LJUBLJANA (Reuters) - Austerity measures Slovenia adopted last week could be delayed or even scrapped after two police unions said late on Thursday they wanted a referendum on the law.
The referendum will be held if the unions collect 40,000 signatures within a month, a target they are likely to reach. If the majority of those who take part in the vote reject the austerity legislation, the government will be unable to pass a similar law for one year.
Rejection would derail the conservative government’s plan to bring the budget deficit down to around 3.5 percent of GDP. It soared to 6.4 percent in 2011 from zero in 2007, when Slovenia joined the euro zone.
Prime Minister Janez Jansa said he hoped the unions would retract their demand, warning the referendum could be “a fatal blow to Slovenia”, according to daily Delo. The government will hold negotiations with the two unions later on Friday.
“We believe that the (austerity) law should not cut the lowest wages. The lowest police wage now is 705 euros net and that should not be cut,” the head of the Police Trade Union, Radivoj Urosevic, told Reuters.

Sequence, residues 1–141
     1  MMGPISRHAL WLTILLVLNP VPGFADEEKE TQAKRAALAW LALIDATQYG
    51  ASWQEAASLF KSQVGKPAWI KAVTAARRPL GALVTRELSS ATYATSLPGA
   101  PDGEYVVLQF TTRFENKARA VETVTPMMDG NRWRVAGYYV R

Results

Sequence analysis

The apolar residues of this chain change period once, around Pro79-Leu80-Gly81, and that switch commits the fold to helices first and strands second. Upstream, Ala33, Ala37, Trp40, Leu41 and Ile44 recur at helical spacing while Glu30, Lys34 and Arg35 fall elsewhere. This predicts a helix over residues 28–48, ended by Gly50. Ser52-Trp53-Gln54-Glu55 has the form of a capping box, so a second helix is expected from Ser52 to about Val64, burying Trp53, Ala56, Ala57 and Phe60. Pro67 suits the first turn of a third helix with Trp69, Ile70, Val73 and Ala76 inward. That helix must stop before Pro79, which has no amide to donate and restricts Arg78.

The average net wage in Slovenia was 995 euros in March but if the austerity package is enforced all public sector wages will be cut by about 8 percent from June. Most other trade unions in Slovenia agreed the package last week.
Austerity measures also include cuts in public sector benefits and most welfare payments.
Last year four laws, among them a crucial one to raise the retirement age, were rejected in referendums demanded by unions, leading to the ousting of the previous centre-left government in September.
Slovenia, which exports about 70 percent of its production, was badly hit by the global crisis and is struggling with a new recession after a mild recovery in 2010.
The government expects the economy to shrink by 0.9 percent this year after a contraction of 0.2 percent in 2011 amid lower export demand and a fall in domestic spending.
In April, the government had to postpone the issue of a 1.5 billion-euro bond after the yield demanded was above 5 percent, compared to a yield of 4.375 percent on a 10-year sovereign bond that Slovenia issued in January 2011.
Editing by Zoran Radosavljevic and Andrew Roche
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